Congress’s end run around a pillar of online free speech

Free-speech advocates  -- including the Electronic Frontier Foundation and the Center for Democracy and Technology—are afraid that a bill currently making its way through Congress could significantly weaken existing protections for online speech. In the United States, one of the most critical planks supporting free expression online is a section of the 1996 Communications Decency Act known as Section 230, often referred to as the “safe harbor” clause. The EFF describes it as “the most important law protecting internet speech.” Section 230 states that “no provider or user of an interactive computer service shall be treated as the publisher or speaker of any information provided by another information content provider.” In a nutshell, this clause gives any online service provider immunity from legal liability for the content that its members or users post (unless it involves either criminal activity or intellectual property).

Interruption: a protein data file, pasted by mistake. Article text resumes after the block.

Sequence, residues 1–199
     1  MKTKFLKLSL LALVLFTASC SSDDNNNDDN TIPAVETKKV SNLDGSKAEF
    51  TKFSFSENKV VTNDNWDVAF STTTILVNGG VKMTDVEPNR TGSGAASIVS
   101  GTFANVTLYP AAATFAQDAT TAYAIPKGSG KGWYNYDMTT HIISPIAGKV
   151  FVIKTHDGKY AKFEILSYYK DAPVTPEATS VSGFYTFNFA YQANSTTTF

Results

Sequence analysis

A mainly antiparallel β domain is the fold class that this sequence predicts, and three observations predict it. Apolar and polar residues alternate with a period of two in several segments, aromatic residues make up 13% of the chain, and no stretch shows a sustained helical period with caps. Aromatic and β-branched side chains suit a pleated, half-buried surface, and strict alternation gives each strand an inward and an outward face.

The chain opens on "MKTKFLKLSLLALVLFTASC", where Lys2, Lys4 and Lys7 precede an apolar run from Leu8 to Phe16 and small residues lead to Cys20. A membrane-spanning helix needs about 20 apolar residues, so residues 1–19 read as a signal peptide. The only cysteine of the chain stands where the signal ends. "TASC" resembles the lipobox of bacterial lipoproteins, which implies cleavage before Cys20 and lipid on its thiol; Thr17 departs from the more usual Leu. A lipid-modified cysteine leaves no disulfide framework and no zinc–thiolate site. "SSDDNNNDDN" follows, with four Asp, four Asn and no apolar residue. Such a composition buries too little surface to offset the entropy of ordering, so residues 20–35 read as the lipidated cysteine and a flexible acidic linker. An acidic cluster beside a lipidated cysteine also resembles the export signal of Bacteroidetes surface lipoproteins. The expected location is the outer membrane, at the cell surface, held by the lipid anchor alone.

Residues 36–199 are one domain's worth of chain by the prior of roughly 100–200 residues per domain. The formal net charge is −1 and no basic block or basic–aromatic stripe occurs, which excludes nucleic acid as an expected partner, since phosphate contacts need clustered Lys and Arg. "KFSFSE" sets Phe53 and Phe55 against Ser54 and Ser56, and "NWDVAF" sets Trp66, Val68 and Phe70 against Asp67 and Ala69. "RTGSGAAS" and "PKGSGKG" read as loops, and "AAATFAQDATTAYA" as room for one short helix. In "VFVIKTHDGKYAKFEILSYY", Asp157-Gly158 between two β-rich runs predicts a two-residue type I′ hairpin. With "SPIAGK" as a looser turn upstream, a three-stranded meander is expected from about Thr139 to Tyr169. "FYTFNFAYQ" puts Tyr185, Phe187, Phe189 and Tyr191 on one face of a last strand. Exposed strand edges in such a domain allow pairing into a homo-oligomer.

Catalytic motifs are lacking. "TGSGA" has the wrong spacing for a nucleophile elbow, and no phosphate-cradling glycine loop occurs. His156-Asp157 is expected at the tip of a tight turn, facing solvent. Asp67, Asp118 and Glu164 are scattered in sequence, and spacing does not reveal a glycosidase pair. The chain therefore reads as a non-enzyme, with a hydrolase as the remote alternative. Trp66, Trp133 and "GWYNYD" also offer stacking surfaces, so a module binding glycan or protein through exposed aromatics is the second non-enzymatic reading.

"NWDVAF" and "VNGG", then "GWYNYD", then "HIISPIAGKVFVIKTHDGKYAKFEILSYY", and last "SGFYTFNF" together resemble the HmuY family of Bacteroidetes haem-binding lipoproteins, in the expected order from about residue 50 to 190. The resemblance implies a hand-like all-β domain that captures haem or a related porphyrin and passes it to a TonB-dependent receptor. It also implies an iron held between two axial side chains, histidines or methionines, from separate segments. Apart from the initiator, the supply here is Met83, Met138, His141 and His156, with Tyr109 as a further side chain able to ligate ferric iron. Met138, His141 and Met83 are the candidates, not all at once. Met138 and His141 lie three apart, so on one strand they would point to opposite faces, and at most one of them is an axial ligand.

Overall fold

The bill that the EFF and others are so concerned about is called the Stop Enabling Sex Traffickers Act or SESTA, which would amend Section 230. The bill was approved by the Senate Commerce Committee this week.


Congress’s end run around a pillar of online free speech